Setting up people for a career with the "biggest impact" - both on themselves and those around them - is what drives Ms Nancy Altobello, global vice-chair of talent at financial services firm EY.
"If we are hiring the best people and developing them in the best way, they would be fully engaged and happy at work," she told The Straits Times in a recent interview.
"The quality of our work would also be higher and our clients would be better served."
Ms Altobello joined EY's assurance practice as an auditor in 1980, as a fresh accounting graduate of Fairfield University in Connecticut.
And as she moved across various offices and functions within the company, she saw a pressing need for better management in the talent side of the business.
Ms Altobello, 57, recalled an incident in the mid-1990s, during her earlier days as an audit partner, where a senior manager she had been working with was on the brink of giving up on her career.
"This senior manager was very talented and she wanted to become a partner. But she was just having a really tough time managing the daily commute, client demands and her three children at home."
To help her colleague move ahead in her career, Ms Altobello worked out a reduced schedule that gave her the balance - and eventually, the promotion - she needed.
"I remember the day she got promoted to become a partner. Her husband actually called to thank me for helping her balance work and family," she said, smiling.
While Ms Altobello went on to hold different roles across various offices within EY - including as managing partner for the North America assurance and advisory area practices; and national director of human resources for the assurance and advisory practice - she remained involved in the company's talent management programmes.
Around 2000, she even volunteered to help the company develop and expand its leadership curriculum as well as her client-serving role, so more employees can become "better all-round professionals".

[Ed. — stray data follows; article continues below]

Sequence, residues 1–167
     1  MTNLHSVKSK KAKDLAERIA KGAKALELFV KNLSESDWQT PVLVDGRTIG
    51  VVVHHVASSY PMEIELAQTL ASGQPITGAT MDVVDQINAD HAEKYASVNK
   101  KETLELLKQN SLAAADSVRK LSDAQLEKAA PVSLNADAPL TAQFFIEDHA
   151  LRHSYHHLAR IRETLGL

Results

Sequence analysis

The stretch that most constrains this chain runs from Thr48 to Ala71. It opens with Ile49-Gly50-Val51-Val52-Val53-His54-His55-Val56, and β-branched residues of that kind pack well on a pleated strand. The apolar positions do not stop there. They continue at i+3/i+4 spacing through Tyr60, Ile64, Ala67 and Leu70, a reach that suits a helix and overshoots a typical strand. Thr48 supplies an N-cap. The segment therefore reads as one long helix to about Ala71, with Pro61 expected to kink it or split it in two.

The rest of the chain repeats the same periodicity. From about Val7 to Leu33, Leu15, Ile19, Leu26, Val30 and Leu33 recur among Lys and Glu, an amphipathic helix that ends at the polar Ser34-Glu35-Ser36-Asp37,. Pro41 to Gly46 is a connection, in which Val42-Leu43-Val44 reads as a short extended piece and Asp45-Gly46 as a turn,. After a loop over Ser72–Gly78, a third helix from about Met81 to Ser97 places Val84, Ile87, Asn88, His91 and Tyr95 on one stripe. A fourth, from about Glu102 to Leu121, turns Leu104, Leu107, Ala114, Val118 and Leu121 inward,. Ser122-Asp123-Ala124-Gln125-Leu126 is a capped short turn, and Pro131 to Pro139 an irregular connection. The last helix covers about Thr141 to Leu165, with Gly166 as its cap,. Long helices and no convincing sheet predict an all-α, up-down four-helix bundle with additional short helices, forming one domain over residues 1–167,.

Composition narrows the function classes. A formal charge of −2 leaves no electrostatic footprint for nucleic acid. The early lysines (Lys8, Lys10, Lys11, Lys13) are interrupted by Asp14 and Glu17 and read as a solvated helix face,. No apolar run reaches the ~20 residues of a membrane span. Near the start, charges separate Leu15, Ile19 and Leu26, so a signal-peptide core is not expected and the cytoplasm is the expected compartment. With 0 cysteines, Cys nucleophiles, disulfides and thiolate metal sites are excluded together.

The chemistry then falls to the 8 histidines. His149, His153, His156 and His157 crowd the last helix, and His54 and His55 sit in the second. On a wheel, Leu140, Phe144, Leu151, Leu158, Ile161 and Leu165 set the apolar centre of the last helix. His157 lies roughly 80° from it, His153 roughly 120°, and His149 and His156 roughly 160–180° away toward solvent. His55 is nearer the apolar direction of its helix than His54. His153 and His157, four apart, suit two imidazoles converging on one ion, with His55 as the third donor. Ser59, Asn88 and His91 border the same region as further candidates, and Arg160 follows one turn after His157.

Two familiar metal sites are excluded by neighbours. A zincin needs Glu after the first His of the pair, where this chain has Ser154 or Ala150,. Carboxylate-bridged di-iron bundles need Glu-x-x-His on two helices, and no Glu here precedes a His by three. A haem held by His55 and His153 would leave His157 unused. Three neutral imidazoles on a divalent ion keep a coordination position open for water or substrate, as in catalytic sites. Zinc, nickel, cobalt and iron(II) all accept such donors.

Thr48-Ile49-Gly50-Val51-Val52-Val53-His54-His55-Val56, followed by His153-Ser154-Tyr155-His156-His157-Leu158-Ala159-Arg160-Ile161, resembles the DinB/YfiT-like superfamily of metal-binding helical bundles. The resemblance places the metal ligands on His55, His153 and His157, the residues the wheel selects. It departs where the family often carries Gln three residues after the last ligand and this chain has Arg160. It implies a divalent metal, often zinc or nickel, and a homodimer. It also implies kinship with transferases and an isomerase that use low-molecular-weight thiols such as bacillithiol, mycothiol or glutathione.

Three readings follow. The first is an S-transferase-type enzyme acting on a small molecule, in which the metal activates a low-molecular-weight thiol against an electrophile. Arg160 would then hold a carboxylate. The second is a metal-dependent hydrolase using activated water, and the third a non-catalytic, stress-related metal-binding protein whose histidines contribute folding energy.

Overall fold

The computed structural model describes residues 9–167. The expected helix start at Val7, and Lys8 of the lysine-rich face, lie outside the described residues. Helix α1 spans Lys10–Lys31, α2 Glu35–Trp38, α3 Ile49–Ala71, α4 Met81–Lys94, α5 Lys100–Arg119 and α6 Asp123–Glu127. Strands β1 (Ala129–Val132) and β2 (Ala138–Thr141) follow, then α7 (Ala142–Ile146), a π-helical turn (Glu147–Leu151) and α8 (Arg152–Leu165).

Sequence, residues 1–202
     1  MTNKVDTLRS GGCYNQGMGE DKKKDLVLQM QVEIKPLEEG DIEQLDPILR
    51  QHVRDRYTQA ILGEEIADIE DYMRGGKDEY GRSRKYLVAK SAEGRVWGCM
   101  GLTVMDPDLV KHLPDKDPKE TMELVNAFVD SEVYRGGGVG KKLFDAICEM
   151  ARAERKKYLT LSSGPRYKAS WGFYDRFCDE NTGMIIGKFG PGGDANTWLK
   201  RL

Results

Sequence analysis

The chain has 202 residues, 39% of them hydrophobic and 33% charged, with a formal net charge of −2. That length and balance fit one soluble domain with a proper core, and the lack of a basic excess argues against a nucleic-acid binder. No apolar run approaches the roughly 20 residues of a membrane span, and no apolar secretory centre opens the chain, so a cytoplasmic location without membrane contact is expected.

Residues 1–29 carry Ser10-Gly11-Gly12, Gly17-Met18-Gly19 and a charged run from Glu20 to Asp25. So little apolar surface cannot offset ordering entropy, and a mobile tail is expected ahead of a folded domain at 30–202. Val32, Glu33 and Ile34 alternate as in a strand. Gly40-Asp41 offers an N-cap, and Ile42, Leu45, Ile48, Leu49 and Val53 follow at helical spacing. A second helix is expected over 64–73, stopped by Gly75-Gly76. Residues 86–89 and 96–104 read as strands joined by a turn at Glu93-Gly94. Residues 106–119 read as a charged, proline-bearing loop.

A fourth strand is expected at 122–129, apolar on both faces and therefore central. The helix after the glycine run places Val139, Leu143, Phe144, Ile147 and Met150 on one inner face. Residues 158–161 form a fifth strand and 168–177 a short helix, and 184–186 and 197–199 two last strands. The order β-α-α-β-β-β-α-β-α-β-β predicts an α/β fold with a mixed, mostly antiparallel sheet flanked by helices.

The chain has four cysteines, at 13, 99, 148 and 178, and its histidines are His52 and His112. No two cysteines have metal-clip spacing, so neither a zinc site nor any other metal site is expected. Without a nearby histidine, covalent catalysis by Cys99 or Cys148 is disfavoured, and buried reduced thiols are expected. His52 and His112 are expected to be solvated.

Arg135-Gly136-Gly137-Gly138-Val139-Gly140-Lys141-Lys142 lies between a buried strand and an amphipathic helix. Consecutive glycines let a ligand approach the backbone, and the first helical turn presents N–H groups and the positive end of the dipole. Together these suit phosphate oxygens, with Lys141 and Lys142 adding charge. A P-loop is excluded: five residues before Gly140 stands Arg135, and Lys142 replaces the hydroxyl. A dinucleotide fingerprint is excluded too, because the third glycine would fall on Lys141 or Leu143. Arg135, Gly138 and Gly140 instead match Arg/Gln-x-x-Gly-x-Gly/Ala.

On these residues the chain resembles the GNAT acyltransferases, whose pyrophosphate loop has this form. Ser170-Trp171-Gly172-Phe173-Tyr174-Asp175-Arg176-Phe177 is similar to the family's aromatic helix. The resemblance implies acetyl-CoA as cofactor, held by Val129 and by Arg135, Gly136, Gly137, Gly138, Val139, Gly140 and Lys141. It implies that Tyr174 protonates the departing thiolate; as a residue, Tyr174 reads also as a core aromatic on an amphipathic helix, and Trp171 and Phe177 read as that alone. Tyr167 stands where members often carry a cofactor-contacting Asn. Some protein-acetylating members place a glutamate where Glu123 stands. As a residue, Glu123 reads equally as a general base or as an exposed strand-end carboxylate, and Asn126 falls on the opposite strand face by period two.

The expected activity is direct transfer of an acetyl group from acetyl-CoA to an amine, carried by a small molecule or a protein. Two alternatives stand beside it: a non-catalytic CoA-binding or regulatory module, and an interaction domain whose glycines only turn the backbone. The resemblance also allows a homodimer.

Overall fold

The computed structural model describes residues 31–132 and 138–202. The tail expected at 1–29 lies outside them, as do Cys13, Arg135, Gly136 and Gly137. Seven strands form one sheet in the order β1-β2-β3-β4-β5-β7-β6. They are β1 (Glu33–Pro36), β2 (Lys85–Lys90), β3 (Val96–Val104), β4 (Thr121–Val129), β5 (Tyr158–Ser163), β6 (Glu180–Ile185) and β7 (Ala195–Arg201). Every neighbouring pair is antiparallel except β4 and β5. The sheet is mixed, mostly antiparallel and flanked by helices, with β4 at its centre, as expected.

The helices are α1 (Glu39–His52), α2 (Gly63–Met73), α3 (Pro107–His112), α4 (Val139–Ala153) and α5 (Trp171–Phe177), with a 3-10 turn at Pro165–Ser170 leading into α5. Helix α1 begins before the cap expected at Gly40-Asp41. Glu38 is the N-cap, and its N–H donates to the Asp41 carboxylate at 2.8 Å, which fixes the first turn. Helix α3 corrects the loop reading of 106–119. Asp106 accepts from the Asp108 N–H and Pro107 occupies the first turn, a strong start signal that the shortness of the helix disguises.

This was because she saw how many were "missing the mark on other things that were so important to being good business advisers, to serving our clients well, being good team leaders".
"At that time, we were calling them 'soft skills', and I know that term is still being used out there," she said. "But these skills are not 'soft'. These are skills that take a long time, a lot of focus and effort to develop. They are key competitive advantages when you have them."
In 2008, Ms Altobello took on the role as vice-chair of talent for the Americas - and was greeted with one of the biggest challenges in her career just shortly after.
"After years of tremendous growth and wonderful things happening (in the United States), everything crashed two months into my new job," she said, referring to the global financial crisis.
"Working with our leadership team and going through that was a real challenge.
"We had to think about managing costs so we can sustain as a business but not sell out the future, what to let go of, what to maintain; I had to try to make really smart decisions when I was really junior in the role and very inexperienced."
Still, her belief in developing talent for the future led her to push for the company to honour every job offer that had already gone out. There were at least 3,000 job offers within the US alone then.
"That was expensive, but we really felt that that was absolutely critical to our reputation and to our future. So everybody had his job," she said, adding that EY took the stance globally.
Last year, she was appointed the global vice-chair of talent, where she oversees the firm's learning, development and coaching programmes, as well as other related areas, such as sponsored corporate responsibility and volunteerism efforts.
Ms Altobello believes that today's workplace needs have evolved so that flexibility is paramount, especially among younger corporates.
Nearly two-thirds of EY's 200,000-strong staff globally are millennials, she said.
"My experience with them is that they are fabulous, they're smart, committed, motivated and technologically savvy. They're also willing to learn and willing to teach.
"But there are ways that we need to treat them in the workplace - and one is that we need to provide them with a lot of flexibility to balance their families and professional lives, and we cannot let that flexibility slow down promotion."
At the same time, Ms Altobello said that encouraging mentorship at the workplace is key.
Drawing from her own experiences, she said: "I started my career at EY right out of university and I owe a real debt to the mentors who believed in me and gave me the feedback and opportunities I needed throughout my career to grow and develop."
She pointed to EY's "counselling families" - where its staff are organised into groups, led by a partner and a senior manager, that get together about six times a year to talk business or socialise - as a means to "forging amazing relationships".
For Ms Deborah Holmes, Americas director of corporate responsibility at EY, Ms Altobello was an embodiment of that open and positive mentoring culture at EY.
"She put her money where her mouth was by being astonishingly quick to get on a plane to meet with any manager, anywhere, who needed career coaching," wrote Ms Holmes in a LinkedIn blog post in August.